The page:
LPG inflation also impacts poor women like Poonam who got an LPG connection and subsidy in the pre-Ujjwala days but are no longer supported by the government. They, too, have returned to the chulha. Poonam lives in a one-room home in Gokulpuri in northeastern Delhi with her husband and two children. Her in-laws live next door. For this extended family of 20, Poonam and the other women in her family cook two meals a day on one chulha, which is placed on the roof of her in-laws’ house.

A decade ago, Poonam had convinced her mother-in-law to buy an LPG connection and succeeded in getting two cylinders. “After that our life felt a bit more settled…It freed up my time to do other work,” she said. However, like many others, the family continued to stack fuel in the form of chulha and angeethi (a traditional brazier fuelled by coal) which also serves as a heater in winters. And then came the lockdown, which left Poonam’s husband, a painter, out of work. Sunita and Durga, Poonam’s neighbours and relatives who were visiting her when we were interviewing her, also said that their husbands lost work in the pandemic and are struggling to repay the loans they took to tide over the crisis. 

At one point last year, Poonam’s mother-in-law sent back the gas refill she had booked because she found it very expensive. “If the government is increasing the price of gas, our incomes and livelihoods should also increase,” she said. 

The worst impact of the LPG price rise is on women’s health, as we said. Household air pollution, caused by solid fuels, specially harms women, children and the elderly. Despite the gains made by Ujjwala, according to the Global Burden of Disease Study in 2019, India had the largest number of air pollution related deaths — 1.67 million  in 2019, which makes up 17.8% of the total deaths in India. The Lancet Planetary Health study 2022 shows that out of these 1.67 million deaths, a majority i.e. 980,000 were caused by PM 2.5 but it is worth noting that 610,000 of deaths were caused by household air pollution. 

This study also showed that burning biomass at the household level was the top cause of air pollution deaths in India. A study by the Energy Policy Institute at the University of Chicago (EPIC India) on indoor air quality in Delhi in 2021 showed that “indoor PM2.5 levels tend to spike in the mornings and evenings when households are most likely to be cooking.”

Poonam, who studied until Class 10, first learnt about air pollution in school and she knows that Delhi suffers from the worst air pollution in winter months. She also knows that the chulha is harmful in this respect particularly for her mother-in-law, who has trouble breathing and coughs a lot. “But a woman is not able to spend even a rupee on herself. She always has saving on their mind. Her life is spent being ill and no one even asks after her,” she said.

‘My Head Hurts, I Feel Breathless’

Krishna, Phoolwati’s daughter-in-law sits next to chulha placed on the street outside her home in Savda Ghevra JJ Colony. Photo Credit: Vandana K

Cooking on the chulha has been hard on Omwati’s body. “The smoke stings my eyes. I get breathless. We spend a couple of hours collecting wood, which is heavy and hurts my head [from carrying it],” she said. Omwati needs eye drops daily for her itchy eyes.

Both Durga and Bhagwati said the chulha caused them stress and frustration. “When I inhale smoke, my head hurts. I feel dizzy. When the chulha gets dim and you have to blow on it with a pipe and it still doesn’t work, I feel like hitting the chulha with the pipe,” said Bhagwati. Krishna, Phoolwati’s teenage daughter-in-law started using the chulha for the first time two years ago after her marriage. She complains to Phoolwati about her body hurting from bending over the chulha. “I told her we don’t have a choice, we have to feed ourselves,” said Phoolwati.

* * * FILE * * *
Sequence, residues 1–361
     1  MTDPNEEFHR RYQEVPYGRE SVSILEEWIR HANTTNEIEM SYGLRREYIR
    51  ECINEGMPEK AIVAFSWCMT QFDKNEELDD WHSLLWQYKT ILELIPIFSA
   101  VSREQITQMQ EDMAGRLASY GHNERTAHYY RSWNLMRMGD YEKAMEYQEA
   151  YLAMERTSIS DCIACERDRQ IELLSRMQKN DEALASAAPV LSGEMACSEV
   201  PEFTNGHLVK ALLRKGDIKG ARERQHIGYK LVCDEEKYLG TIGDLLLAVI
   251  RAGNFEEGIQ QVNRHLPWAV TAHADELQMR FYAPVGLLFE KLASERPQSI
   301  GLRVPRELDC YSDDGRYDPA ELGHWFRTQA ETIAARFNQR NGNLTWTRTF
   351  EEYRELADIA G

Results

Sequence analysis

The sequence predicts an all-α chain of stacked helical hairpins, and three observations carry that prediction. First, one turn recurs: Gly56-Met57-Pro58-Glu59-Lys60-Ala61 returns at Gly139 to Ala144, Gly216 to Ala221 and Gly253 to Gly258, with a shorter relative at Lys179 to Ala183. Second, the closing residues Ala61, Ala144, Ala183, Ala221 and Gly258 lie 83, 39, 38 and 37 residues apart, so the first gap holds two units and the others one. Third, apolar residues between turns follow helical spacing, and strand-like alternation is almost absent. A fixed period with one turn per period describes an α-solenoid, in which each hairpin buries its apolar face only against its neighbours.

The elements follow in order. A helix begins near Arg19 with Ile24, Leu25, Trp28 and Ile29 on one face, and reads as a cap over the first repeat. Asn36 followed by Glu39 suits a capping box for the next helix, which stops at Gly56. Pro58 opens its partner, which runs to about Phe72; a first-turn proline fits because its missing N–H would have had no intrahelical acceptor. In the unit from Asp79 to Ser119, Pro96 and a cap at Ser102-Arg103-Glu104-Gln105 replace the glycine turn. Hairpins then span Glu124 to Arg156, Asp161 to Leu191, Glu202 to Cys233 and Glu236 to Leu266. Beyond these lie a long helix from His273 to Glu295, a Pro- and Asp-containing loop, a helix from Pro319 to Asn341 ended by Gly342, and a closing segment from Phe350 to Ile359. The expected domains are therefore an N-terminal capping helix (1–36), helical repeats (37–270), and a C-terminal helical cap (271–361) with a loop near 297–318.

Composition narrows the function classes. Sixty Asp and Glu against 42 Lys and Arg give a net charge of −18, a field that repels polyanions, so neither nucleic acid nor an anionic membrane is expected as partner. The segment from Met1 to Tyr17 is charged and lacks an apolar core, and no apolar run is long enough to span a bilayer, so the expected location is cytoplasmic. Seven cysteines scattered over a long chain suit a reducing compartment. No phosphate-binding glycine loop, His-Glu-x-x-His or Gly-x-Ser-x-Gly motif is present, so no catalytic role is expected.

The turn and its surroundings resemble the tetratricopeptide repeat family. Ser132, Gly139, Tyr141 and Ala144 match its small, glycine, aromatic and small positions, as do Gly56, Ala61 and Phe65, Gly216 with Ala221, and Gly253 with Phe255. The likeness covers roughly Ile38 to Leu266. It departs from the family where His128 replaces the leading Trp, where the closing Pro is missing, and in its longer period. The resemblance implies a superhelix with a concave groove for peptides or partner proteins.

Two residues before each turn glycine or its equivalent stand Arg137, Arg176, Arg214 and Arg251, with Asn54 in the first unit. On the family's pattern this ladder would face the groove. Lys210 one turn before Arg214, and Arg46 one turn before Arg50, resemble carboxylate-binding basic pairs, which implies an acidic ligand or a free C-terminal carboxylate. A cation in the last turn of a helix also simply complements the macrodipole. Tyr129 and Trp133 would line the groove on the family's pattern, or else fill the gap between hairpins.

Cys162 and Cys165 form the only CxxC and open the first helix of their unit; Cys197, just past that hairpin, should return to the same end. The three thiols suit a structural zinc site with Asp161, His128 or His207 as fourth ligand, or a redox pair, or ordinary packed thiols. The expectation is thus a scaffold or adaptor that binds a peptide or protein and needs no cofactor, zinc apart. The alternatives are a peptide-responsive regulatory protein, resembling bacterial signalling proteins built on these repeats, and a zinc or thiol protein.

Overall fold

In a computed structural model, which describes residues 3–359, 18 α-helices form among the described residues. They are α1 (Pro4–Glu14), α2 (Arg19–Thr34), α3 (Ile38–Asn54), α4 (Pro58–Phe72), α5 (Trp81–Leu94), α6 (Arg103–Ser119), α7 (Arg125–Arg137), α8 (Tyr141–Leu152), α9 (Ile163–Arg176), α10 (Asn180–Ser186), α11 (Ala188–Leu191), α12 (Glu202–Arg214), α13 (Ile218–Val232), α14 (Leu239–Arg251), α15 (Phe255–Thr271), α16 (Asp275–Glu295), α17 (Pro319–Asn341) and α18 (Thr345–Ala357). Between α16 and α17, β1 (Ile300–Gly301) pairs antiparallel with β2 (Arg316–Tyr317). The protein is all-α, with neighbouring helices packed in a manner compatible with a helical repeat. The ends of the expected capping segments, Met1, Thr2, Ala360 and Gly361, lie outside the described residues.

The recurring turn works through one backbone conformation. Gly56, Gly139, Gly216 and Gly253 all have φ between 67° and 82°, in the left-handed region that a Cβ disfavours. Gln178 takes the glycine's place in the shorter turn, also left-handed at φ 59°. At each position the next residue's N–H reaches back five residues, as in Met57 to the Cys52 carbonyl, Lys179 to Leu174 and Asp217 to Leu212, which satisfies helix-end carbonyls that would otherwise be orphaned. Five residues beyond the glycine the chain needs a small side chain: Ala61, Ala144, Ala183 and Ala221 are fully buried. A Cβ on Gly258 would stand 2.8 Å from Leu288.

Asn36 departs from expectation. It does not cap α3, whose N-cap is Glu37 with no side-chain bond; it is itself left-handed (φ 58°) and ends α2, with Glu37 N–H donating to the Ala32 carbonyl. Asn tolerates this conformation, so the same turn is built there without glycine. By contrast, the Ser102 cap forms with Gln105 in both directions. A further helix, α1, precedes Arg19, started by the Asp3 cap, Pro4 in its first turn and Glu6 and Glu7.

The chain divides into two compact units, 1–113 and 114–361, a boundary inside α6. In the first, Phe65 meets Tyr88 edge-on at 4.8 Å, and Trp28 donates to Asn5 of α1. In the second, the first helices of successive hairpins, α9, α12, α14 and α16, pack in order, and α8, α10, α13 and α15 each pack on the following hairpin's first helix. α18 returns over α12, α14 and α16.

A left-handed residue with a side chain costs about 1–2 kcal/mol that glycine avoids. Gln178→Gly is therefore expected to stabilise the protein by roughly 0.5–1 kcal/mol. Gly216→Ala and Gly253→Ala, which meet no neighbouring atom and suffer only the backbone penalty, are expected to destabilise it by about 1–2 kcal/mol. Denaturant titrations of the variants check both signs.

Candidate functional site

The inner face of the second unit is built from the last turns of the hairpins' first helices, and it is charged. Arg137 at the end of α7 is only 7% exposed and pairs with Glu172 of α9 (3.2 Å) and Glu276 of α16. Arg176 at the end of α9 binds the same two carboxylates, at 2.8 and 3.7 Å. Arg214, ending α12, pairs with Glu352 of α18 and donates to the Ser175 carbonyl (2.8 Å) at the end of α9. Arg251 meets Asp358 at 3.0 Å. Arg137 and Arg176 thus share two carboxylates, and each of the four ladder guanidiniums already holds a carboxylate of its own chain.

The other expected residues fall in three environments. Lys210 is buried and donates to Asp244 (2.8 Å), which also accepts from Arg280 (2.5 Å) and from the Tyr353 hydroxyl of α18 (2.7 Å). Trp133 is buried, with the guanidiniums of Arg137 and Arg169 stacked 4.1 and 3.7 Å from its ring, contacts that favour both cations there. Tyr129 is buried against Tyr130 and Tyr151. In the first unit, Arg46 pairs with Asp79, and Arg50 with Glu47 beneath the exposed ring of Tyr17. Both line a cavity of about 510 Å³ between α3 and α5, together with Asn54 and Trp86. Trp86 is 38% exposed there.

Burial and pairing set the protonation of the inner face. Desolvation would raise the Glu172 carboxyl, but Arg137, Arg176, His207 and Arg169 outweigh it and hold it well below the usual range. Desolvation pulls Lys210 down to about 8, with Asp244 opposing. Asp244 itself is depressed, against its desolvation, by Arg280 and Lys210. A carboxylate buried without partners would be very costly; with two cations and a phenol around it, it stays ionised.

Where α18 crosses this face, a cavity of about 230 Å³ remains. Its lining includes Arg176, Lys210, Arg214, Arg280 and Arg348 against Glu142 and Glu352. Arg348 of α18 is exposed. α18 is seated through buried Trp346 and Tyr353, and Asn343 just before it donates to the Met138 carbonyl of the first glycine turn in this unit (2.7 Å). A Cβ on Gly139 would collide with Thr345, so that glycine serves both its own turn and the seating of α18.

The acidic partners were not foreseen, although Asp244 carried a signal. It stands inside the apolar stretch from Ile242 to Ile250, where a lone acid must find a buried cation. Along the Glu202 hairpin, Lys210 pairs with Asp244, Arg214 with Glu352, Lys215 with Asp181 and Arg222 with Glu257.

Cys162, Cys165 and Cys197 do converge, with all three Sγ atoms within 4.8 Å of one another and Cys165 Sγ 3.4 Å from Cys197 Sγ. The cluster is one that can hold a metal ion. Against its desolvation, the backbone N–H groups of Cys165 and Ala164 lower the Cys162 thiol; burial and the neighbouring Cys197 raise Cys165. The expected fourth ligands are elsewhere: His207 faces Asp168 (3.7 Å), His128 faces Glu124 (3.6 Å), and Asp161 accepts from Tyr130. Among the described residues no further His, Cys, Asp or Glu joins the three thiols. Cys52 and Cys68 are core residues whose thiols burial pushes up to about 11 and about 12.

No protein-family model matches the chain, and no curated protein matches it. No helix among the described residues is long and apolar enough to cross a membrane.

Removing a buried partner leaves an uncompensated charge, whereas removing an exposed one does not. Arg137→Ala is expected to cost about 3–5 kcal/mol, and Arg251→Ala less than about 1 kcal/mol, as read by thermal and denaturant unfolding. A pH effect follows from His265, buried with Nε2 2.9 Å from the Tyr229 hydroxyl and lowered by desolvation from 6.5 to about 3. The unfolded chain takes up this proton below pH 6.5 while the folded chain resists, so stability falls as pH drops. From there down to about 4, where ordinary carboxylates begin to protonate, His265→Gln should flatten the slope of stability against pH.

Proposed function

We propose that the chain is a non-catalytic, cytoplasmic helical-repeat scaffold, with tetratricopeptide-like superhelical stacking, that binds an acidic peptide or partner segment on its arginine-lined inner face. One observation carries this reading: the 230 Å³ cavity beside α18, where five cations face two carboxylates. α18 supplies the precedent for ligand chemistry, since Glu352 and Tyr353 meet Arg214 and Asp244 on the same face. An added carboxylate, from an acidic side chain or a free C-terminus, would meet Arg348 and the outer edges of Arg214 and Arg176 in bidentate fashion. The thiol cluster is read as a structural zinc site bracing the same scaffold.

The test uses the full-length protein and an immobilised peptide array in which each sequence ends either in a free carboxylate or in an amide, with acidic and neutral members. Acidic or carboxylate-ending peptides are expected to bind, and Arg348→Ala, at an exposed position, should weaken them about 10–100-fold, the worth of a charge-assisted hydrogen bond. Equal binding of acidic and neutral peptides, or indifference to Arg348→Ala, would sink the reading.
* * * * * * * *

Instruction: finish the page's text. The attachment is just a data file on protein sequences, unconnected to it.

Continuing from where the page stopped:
“In the village, once I left wood burning in the chulha and it caused a fire in my house. My son was lying on a cot under a quilt, all of which were on fire but my sister-in-law rescued my son,” said Bhagwati. Some of the women this reporter spoke to said they often burnt their fingers and had holes in their clothes caused by sparks from the chulha.

A 2020 paper in the Journal of Cleaner Production showed that gender inequality within homes influences a family’s decision to buy clean fuel like LPG. It also argues that when women make their own money, the chance that they will use clean fuel increases. The same research also found that caste and religion also play a role in clean fuel use: upper caste Hindus are most likely to use clean fuel and members of Scheduled Tribes (STs) were least likely. Majority of women this reporter interviewed who struggled with getting LPG refills were Dalit. Either they, their parents or grandparents are migrants from UP and Rajasthan.

Is there an alternative clean fuel for poor women in urban areas? Energy experts say potential solutions could range from setting up biogas plants on the outskirts of the city to introducing electric cooking. But the lack of capital and infrastructure are hurdles. According to Bigsna Gill, North Hub Lead at Sustain Plus Energy Foundation, a nonprofit collaborative platform that works on renewable energy powered solutions, there is no quick fix solution to this problem. “Ultimately it is the LPG pricing at least in a city context that can solve the problem. That may have to be done in a targeted way, which either philanthropic organisations or the government take up, specifically to address these consumers,” she said.

All the women this reporter spoke to had the same demand — a refill priced between 500-600 and the return of the subsidy. “If the government reduces the price of gas to 500, I will stop using the chulha tomorrow. Why will I blacken my hands or clothes? Why will I choose to die from the smoke?” said Bhagwati. 

[This story has been reported under the National Foundation for India’s Fellowship for Independent Journalists 2022.]

  • Vandana K is an independent journalist & producer based in Delhi.

Malini Nair (Editor)

Malini Nair is a consulting editor with Behanbox. She is a culture writer with a keen interest in gender.